So forget about being virtuous; the Civic is downright patriotic, even if the Fed's fuel economy figures might not completely reflect the real-world mileage of the car. Now here's the kicker: This car is a heck of a lot tauter-feeling and more fun to drive than the sometimes wobbly Prius.

This doesn't make it a slam-dunk victor over the Prius; the Honda has a lot less rear-seat knee room and, overall, is smaller inside than the Prius. And there are other wrinkles in this hybrid's story that are worth noting, too. Get all the dirt by clicking below.

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Sunday, March 26, 2006 

2006 Toyota Yaris Preview

by Justin Couture

In the automotive world, the Georgian College Auto Show isnt even on the radar, let alone a tiny blip. Despite celebrating its 20th anniversary, the Canadian event is small; some manufacturers were absent, while others were represented by local dealerships. But late last week, the town of Barrie, Ontario held what might be one of the most important positions this year out of any auto show in Canada. On September 16th, Toyota pulled the wraps off of its all-new Yaris subcompact, just days after its global premier at this years 2005 Frankfurt Motor Show in Germany, and I drove the distance to see it all take place.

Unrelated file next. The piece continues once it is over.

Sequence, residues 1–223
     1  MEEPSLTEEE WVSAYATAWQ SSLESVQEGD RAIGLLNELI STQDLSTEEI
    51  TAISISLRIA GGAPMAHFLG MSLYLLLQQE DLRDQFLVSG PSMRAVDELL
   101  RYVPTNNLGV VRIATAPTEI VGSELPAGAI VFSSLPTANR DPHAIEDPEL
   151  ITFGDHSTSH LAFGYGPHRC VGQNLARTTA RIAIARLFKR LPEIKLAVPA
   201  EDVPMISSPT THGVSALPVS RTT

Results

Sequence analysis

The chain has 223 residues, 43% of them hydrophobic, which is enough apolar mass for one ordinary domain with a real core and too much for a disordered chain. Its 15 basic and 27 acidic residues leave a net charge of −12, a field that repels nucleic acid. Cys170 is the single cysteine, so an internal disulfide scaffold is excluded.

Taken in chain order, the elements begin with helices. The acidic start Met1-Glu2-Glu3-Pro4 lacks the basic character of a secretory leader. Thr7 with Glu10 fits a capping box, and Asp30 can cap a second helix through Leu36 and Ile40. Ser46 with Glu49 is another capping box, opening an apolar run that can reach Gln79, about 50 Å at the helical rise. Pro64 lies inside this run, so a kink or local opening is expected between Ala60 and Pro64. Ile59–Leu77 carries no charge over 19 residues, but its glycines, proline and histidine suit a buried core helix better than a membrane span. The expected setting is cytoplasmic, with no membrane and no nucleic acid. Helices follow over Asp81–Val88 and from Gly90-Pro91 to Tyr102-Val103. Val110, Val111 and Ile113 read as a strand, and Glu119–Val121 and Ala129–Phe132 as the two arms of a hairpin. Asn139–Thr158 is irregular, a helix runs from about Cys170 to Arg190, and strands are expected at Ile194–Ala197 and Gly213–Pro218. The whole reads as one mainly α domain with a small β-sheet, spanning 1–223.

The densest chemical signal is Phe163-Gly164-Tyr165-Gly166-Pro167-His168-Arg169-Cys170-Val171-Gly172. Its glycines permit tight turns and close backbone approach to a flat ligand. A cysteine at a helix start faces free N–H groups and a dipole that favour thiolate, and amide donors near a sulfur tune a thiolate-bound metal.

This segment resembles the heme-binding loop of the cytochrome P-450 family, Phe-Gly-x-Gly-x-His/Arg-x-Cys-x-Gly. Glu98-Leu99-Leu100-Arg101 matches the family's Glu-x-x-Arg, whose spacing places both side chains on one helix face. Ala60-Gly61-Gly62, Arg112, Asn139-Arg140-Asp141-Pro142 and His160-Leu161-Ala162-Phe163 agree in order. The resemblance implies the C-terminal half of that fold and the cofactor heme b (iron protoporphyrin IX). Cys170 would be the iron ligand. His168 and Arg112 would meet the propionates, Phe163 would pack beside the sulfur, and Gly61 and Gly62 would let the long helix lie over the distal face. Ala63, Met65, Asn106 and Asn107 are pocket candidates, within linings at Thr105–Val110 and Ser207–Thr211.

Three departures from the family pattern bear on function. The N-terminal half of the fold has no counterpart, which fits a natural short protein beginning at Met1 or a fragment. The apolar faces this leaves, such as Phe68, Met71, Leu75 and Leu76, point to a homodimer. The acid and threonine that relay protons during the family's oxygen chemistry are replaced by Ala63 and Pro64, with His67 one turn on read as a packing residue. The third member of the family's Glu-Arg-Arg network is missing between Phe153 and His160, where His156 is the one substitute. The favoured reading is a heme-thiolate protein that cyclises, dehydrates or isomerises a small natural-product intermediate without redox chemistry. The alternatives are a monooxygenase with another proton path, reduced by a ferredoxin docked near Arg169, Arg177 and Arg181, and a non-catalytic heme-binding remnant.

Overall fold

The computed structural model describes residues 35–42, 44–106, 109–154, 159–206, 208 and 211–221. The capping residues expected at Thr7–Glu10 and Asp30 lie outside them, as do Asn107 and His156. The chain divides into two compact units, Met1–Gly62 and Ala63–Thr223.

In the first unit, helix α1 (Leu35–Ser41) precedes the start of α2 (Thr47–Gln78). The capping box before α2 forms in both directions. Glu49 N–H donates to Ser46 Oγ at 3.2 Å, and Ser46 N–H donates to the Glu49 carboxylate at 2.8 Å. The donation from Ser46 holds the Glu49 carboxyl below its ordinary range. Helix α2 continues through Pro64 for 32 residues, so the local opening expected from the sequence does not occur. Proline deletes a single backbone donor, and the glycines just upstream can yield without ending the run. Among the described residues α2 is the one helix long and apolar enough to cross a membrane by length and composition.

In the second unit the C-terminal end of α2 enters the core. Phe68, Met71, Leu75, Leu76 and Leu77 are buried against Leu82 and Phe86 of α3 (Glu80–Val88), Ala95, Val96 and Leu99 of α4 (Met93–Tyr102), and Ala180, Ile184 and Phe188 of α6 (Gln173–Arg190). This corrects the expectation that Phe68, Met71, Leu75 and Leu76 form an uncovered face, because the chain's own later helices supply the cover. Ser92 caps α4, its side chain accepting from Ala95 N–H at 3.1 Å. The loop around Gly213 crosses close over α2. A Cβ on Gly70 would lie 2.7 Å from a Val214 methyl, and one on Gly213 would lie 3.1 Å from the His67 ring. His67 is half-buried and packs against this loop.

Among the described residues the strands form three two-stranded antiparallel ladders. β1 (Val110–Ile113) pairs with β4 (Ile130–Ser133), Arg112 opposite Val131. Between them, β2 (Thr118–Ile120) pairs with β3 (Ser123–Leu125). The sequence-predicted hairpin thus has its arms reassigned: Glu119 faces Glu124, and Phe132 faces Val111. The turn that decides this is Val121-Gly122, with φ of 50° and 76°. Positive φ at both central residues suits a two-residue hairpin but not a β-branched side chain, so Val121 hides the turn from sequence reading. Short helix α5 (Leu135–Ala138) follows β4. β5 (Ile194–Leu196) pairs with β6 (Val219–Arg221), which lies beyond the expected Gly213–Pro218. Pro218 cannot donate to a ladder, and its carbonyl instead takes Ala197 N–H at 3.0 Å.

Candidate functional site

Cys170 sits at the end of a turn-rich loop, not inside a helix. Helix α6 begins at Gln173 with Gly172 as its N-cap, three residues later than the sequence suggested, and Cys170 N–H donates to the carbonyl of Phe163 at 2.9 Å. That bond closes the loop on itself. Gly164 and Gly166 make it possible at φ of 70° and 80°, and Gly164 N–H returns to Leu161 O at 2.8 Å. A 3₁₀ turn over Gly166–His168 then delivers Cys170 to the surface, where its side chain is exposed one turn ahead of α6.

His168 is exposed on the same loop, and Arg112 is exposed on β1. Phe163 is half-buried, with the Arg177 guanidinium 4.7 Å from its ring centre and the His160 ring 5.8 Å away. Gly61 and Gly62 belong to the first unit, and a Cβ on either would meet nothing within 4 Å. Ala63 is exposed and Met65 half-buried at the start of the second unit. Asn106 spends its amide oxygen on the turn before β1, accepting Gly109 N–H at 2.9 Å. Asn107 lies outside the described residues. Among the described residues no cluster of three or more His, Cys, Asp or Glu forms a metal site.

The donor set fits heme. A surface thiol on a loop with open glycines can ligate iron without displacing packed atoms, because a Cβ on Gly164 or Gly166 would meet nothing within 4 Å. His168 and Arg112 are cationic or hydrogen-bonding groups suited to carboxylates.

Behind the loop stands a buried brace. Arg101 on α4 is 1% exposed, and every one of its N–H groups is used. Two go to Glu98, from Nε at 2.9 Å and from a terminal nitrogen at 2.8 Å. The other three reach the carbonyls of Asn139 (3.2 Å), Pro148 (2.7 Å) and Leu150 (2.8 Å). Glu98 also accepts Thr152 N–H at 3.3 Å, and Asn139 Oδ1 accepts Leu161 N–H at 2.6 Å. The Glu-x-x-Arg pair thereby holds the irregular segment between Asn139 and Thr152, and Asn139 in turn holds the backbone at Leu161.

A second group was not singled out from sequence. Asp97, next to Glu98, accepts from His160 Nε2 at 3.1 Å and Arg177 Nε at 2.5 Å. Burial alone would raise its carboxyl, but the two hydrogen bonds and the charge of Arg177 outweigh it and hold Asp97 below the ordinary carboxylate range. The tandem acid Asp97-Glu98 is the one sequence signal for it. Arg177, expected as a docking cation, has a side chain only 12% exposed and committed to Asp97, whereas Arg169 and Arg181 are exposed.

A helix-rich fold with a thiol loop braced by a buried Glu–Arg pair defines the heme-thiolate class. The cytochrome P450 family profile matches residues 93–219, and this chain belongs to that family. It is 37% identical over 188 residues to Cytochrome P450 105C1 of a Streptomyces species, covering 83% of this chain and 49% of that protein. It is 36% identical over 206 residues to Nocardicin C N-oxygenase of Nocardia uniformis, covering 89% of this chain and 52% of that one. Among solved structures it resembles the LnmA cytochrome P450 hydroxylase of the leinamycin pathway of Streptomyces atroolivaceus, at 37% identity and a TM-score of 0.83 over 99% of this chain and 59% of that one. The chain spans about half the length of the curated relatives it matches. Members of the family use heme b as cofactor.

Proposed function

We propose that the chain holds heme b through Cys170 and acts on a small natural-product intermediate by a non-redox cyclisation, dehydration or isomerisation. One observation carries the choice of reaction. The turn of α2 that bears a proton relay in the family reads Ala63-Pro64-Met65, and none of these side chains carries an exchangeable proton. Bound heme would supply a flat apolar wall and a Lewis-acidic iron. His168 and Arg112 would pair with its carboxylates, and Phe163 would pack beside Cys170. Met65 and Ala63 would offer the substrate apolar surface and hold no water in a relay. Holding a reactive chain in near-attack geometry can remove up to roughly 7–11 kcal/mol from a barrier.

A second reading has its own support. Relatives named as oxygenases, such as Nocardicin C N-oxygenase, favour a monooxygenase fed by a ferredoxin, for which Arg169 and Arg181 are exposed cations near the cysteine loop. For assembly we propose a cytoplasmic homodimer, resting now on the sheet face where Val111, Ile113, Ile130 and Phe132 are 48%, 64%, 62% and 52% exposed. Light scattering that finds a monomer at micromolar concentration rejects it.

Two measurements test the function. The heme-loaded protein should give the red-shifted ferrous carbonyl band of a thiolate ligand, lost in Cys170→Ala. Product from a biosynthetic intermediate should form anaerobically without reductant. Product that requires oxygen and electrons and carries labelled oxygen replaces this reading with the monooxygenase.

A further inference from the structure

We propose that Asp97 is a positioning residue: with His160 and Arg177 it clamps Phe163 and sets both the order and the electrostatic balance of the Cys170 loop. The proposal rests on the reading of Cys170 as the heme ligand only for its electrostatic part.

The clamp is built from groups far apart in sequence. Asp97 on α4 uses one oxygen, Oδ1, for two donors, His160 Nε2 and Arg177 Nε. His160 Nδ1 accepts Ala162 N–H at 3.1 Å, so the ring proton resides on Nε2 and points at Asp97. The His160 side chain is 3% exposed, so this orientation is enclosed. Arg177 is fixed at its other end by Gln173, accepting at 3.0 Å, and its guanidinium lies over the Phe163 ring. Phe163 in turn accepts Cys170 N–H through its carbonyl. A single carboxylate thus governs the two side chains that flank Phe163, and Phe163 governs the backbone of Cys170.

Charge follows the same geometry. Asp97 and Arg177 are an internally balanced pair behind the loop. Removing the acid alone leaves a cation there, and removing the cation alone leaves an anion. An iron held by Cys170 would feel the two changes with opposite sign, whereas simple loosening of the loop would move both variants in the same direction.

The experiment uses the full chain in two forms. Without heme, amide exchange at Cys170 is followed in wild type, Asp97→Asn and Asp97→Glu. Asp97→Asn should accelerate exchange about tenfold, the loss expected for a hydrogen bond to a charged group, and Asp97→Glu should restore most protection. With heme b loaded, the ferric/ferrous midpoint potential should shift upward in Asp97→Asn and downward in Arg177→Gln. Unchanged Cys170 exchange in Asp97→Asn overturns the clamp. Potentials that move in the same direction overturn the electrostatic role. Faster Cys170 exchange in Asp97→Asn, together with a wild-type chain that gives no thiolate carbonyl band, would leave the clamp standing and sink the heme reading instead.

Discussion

While Toyota's name has been built up by earning high value-for-money ratings, consumer satisfaction with gold-star reliability, or the environmentally friendly Prius and Highlander Hybrids, subcompact cars have also long been the automakers strong hand. The late Echo, still available north of the 49th by the way, did a decent job of staving off rival subcompacts, such as the Hyundai Accent, Kia Rio and the GM-DAT-designed Chevy Aveo. Albeit, with the new Scion brand now available across the nation, the frumpy little Echo just didnt fit in anymore.

But despite its homely appearance, the car is a star in Canada, and the countrys response to both sedan and coupe models prompted Toyota Canada (TCI) to take the relatively small market (the entire country has a smaller population than California) very seriously. Therefore, it brought the Echo hatchback (Yaris/Vitz Mk.I) over exclusively for the Canadian market in 2004. The cars success, beating all competitors in sales, means that Canadians will be getting the special treatment once again; aside from Japan, where the new Yaris has been on sale as the Vitz since February, Canada will be the second market in the world to receive this new car. Yes, TCIs scheduled date of this October beats out Europe, Australia, Africa and even the United States, which will receive the three-door Yaris down the road as a supplement to the Scion range. As a matter of fact, Canadian dealers are taking orders currently. Thats got to choke up Toyota dealers in the U.S., who could use the funky little hatchback to pull in first time buyers.